Everyone in real life has conflicts. And your characters are no different. There are basically two types of conflicts: internal and external. Today we'll explore internal conflicts.
Internal conflucts are defined as events or processes within the character that shape how they act. They may be happy-go-lucky on the outside--what they show the world at large--while inside they're an alcoholic or a budding serial killer or a kleptomaniac.
Think of the people around you. Whether or not they're reserved or outgoing, what's going on in that brain of theirs. Maybe they're caring for a loved one who has terminal cancer, and the stress is causing them to take a few pills here and there. Maybe they're in a high-paying, high-pressure job and they want nothing more than to sit out at their lake cabin and paint.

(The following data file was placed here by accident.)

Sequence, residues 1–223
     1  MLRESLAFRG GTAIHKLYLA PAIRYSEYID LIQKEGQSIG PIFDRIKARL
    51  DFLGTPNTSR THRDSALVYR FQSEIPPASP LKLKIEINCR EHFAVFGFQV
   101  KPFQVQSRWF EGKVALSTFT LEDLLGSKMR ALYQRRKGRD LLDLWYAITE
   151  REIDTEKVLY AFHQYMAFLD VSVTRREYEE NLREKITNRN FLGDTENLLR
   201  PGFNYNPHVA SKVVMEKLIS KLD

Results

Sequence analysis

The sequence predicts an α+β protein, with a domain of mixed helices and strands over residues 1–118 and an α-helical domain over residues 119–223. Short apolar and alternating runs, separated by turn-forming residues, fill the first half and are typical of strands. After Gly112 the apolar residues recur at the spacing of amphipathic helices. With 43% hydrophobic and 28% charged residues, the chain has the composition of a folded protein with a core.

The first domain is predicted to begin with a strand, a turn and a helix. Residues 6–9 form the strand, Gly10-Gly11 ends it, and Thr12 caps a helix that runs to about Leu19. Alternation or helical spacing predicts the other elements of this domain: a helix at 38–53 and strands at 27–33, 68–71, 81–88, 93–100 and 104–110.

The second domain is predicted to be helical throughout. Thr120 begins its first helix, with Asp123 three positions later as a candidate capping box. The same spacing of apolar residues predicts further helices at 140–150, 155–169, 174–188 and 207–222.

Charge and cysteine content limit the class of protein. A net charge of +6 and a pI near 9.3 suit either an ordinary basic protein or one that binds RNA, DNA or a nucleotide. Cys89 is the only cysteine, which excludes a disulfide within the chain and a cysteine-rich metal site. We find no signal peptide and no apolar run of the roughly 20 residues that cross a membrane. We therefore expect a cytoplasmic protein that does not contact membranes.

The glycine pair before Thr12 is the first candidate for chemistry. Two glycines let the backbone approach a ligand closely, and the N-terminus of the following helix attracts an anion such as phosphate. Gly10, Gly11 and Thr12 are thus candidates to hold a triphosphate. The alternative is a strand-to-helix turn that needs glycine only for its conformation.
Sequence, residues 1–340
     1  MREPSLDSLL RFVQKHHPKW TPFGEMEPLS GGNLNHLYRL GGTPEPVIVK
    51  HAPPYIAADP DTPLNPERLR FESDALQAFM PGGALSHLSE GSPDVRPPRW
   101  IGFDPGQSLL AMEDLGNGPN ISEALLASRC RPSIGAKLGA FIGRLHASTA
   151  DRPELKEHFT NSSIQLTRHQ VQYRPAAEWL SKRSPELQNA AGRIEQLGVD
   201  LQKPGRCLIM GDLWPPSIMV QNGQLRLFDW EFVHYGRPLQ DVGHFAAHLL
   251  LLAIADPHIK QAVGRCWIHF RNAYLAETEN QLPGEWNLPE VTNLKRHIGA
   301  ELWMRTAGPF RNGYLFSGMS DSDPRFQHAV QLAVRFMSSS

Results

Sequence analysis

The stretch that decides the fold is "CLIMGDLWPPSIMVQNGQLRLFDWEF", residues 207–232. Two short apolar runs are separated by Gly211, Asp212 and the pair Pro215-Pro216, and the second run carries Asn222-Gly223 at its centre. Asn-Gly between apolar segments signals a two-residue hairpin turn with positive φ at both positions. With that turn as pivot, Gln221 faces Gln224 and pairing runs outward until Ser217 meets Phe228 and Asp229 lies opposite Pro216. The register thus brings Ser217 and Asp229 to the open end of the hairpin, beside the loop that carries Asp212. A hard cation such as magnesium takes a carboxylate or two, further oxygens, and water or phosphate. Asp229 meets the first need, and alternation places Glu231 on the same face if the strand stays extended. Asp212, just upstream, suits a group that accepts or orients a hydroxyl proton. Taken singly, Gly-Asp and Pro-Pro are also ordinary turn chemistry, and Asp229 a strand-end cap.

What's going on in their brain?
How do they handle stress?
In my thriller Beholder's Eye, the main character is an investigator for the Minneapolis PD. He's good at his job, but he struggles with the job as a whole. He wants nothing more than to be with his family, but the pressures of the job keep him away. And the bigger the case, the more he's away. His wife has a decent job, so it isn't because of the money. Skills-wise, investigating crimes is what he's good at. Wow, what a problem to have! Many times we read thrillers where the cop is married to the job and has marital problems. Kolin is the opposite: he wants to be with his family and puts his job far below on his list of priorities.
To find out more, be sure to check out Beholder's Eye, the first thriller in the Central Division Series available on the Amazon Kindle store.